Herman Trend Alert: Consumers Abandon 'Green' Standards to Save Money

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Not surprisingly, fewer consumers are buying green products. An extensive survey conducted by Grail Research finds that almost two-thirds (65 percent) of consumers changed their green buying habits due to the "Great Recession."
We find this data thought-provoking in light of other recent studies that show consumers patronize companies that demonstrate the “same values” as they do in the area of social responsibility. Interestingly, the availability of green products and green alternatives has been increasing.


Created to gauge consumer sentiments and behaviors related to sustainability and "green" products, the study, titled “The Green Evolution,” also evaluated how consumers interpret the marketing efforts of the companies that offer them.

The report cites that consumers who previously purchased green products have decreased their green purchasing. More precisely, those consumers who bought "some green products" (characterized as "light green") decreased from 76 percent to 60 percent of the population. That’s a more than 20 percent reduction in the usage of green products.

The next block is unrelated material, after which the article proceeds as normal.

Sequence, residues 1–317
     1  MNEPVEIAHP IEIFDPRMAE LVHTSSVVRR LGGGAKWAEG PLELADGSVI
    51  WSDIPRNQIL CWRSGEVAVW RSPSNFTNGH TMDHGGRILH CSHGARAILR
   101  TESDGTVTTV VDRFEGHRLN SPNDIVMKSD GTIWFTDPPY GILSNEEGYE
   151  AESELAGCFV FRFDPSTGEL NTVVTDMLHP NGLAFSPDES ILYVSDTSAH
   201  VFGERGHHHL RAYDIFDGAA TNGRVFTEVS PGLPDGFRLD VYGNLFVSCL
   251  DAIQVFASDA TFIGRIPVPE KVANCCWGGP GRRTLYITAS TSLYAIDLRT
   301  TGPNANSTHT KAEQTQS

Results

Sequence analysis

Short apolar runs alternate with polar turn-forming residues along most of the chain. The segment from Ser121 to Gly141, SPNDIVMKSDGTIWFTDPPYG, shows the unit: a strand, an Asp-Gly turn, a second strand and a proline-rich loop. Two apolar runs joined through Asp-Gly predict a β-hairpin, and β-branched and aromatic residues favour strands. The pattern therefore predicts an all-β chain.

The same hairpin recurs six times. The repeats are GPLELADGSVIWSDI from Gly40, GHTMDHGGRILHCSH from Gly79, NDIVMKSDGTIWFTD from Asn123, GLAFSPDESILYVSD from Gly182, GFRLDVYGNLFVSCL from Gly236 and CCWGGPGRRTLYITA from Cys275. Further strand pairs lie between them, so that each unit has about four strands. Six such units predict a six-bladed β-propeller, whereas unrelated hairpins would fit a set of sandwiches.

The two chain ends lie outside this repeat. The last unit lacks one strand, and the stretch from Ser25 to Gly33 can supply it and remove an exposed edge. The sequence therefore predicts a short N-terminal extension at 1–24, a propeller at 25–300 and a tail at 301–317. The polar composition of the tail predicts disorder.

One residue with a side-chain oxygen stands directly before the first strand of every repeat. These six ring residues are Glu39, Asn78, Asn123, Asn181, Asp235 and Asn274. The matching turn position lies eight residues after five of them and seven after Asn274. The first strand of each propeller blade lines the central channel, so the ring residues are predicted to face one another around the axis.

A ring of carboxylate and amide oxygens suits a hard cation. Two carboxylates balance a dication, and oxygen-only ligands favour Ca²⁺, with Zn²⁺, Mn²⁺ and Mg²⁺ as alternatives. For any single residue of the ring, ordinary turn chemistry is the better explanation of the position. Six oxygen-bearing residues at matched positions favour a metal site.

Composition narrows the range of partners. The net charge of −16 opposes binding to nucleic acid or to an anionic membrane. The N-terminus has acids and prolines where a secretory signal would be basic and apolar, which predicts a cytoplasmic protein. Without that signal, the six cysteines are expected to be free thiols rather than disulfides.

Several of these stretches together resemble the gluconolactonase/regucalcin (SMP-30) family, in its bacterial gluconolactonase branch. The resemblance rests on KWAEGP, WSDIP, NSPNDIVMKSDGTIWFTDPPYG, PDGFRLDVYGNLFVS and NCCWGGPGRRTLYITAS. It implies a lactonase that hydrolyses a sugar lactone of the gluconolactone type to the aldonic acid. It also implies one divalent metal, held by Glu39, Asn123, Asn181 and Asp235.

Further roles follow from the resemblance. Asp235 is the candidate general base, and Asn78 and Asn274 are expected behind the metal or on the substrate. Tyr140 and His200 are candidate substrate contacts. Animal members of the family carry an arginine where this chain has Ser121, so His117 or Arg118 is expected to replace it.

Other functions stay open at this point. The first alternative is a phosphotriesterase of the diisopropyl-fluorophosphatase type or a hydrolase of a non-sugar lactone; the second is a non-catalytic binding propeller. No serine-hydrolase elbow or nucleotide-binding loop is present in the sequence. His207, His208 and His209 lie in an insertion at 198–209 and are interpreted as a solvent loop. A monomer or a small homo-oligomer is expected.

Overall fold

At the same time, there was a rise in the percentage of non-green consumers from 15 percent to 22 percent. Among green consumers, 43 percent cited the economic recession as their reason for not purchasing green products – the top reason given.

Unfortunately for the planet, the number of "dark green" consumers (those who pick earth-friendly products for most of their purchases) increased by a mere 1 percent; they now make up only 10 percent of the consumer market.

"Greenwashing," the process of deceptively using green PR or green marketing to promote the perception that a company's policies or products are environmentally friendly, confuses consumers. The report also found that consumers find it hard to differentiate among the many products claiming green attributes. However, “knowing how to effectively articulate green attributes can improve top-of-mind awareness," the report states.
“It's no longer enough to just say you're green. Consumers now expect comparable value,” said Annica Blake, global head of research services at Grail Research.
For marketers, understanding the distinction between dark green and light green consumers will be increasingly important.

Caught between rising prices and shrinking disposable income, consumers have chosen to economize. As this period of economic hardship continues, we expect to see fewer and fewer green customers. When economies recover, this trend will reverse itself. However, that will be years, at least.
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